The realities of living in Italy under quarantine: 'Devastating but unifying'
Dh831 million of travel bookings have been cancelled in March and those queuing for groceries have been told to keep one metre apart
Yesterday, Italy completed day one under complete quarantine after authorities extended the blanket of travel restrictions across the entire country in a bid to contain the spread of Covid-19. The measures, which had already been in place in the hardest-hit northern regions of the country, are now nationwide and will remain until at least Friday, April 3.
They came as the country recorded more than 10,000 cases of Covid-19, and reported the highest number of deaths outside of China. According to Italian Prime Minister Giuseppe Conte, the entire country is now a "protected area".
Life under quarantine
Across the country, Italians are adjusting to life under the new restrictions. People can no longer move freely as travel is now allowed only for essential work, health reasons or other emergencies.
Elizabeth Heath, a travel writer based in Umbria, told The National that authorities are asking people to avoid all non-essential movement from their homes. “We can go out, to the grocery store or pharmacy etc but we’re being asked to avoid all non-essential movement from the house," she says.
Education establishments across the country are also closed, so Elizabeth’s daughter is not at school. “I’ve been sending her to her nonna’s [grandmother's], but now they’re saying to not even do that, to keep everyone at home."
Known for its green hills and valleys, life in laid-back Umbria is now even slower. And in Italy's big cities, where tourists make the country the world's fifth-most visited, life has also slowed.
The boisterous buzz of Rome has calmed as travellers stay away from the Eternal City. In Venice, a city that has battled with overtourism for years, attractions have become ghost towns – Rialto, the Bridge of Sighs and the Piazza San Marco left for the pigeons to explore.
Following the rules: keeping distance in lines and documentation needed
Italy is the first democratic country to enforce such dramatic measures in response to the spread of the coronavirus. Other countries are likely to be watching closely to see how well it works.
And Italians, for all their fiery reputation, seem to be obediently following the new rules.
My worry is that we’ll be left with an Italy that is more homogeneous than before
“There’s no enforcement in the martial sense,” said Heath. “It seems like people are obeying for the most part – if anything it’s been a unifying period.”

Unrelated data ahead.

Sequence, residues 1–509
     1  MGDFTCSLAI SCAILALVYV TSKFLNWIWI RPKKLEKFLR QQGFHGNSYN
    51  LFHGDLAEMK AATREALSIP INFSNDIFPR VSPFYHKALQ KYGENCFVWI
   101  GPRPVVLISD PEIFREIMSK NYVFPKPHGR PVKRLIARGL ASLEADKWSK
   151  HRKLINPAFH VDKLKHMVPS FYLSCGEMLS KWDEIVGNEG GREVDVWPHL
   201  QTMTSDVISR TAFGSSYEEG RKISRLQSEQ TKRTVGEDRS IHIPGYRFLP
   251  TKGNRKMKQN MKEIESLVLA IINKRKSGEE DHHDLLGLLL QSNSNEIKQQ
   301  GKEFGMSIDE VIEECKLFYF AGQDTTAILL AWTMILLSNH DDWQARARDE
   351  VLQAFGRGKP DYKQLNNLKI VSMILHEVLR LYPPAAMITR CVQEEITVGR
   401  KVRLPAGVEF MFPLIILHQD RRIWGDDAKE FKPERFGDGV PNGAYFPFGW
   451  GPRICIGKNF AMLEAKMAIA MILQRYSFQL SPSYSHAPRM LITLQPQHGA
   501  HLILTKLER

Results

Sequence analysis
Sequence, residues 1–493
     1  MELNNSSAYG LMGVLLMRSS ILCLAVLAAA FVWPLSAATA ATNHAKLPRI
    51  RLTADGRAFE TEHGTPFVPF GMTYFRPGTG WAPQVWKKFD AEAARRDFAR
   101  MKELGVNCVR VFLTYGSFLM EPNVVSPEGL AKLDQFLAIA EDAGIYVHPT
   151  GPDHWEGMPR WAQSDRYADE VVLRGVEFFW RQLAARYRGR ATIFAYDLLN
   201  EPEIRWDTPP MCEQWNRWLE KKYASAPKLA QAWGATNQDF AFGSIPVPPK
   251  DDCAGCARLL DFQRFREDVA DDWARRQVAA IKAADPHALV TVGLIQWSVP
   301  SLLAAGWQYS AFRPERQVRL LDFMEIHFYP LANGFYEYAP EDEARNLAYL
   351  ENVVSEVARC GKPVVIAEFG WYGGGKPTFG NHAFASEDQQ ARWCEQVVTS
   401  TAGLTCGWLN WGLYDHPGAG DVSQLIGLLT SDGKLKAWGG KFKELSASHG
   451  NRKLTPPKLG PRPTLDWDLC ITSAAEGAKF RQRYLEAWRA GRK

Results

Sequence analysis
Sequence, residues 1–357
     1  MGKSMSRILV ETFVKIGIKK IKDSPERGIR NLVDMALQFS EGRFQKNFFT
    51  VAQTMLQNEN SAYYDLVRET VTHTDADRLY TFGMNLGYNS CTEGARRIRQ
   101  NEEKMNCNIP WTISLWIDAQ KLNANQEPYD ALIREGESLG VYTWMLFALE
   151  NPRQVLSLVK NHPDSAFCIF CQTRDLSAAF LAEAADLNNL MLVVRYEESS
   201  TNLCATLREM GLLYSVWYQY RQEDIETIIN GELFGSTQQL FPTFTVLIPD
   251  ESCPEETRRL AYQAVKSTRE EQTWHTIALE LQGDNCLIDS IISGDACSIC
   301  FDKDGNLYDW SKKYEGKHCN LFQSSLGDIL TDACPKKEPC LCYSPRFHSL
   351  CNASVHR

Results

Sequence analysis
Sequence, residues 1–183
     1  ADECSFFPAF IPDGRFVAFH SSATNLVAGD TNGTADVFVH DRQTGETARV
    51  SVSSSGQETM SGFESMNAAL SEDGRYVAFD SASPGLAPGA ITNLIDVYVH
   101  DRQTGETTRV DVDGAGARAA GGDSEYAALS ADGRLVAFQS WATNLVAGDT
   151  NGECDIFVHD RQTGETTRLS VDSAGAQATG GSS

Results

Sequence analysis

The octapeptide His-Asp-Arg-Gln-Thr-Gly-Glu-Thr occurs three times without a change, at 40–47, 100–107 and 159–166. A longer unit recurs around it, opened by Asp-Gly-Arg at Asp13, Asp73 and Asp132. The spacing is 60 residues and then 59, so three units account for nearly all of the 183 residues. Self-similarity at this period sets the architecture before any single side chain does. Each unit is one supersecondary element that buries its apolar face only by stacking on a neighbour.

Restrictions on visiting grocery stores are in place in some destinations across Italy, with only one member of each household allowed to leave home to buy groceries at a time. Customers wait in lines outside supermarkets, standing a metre apart, before being allowed into shops a handful at a time.
The nationwide habit of baci e abbracci (kissing and hugging) friends when meeting has also stopped. Handshakes are out too, according to guidelines from authorities.
In cities, public transport continues to operate, albeit on a scaled back level. In some regions, police vehicles are driving around neighbourhoods, encouraging people to stay home.
For people who do need to travel, self-certification documents need to be completed.
Heath's husband is a stonemason – a job that does not involve much public interaction meaning he can continue to work during the restrictions. On his daily commute to the nearby town of Orvieto, he is now accompanied by a completed documento di autocertificazione.
"The police will periodically set up road blocks and if he gets stopped, he shows them this form. The officers will sign it – as he has justification to travel because he's working – and then he'll just keep it with him in case he is stopped again," says the travel writer.
Anyone found making a false declaration faces a sentence of up to three months in jail or a hefty fine.
The measures seem to be “designed to prevent people from making frivolous trips or going from the town they live in to visit their parents in another region, when they might be carrying the virus with them," explains Heath.
Yet, even before the extension of these emergency measures, Italy wasn’t functioning normally.
The slowest low-season
“The only bright spot is that apart from ski areas, this is currently low season for most of the country," says Heath. That season has ended early, with Italian ski resorts shutting until further notice to help prevent coronavirus spread.
Across the country, public gatherings, including concerts and weddings are cancelled. All museums, theatres, nightclubs and cinemas are closed.
Bars and restaurants can stay open, although many have chosen to close. Those that are open can only operate from 6am to 6pm and must follow strict controls to ensure customers are seated at least one metre apart. Failure to comply will lead to authorities shutting places down.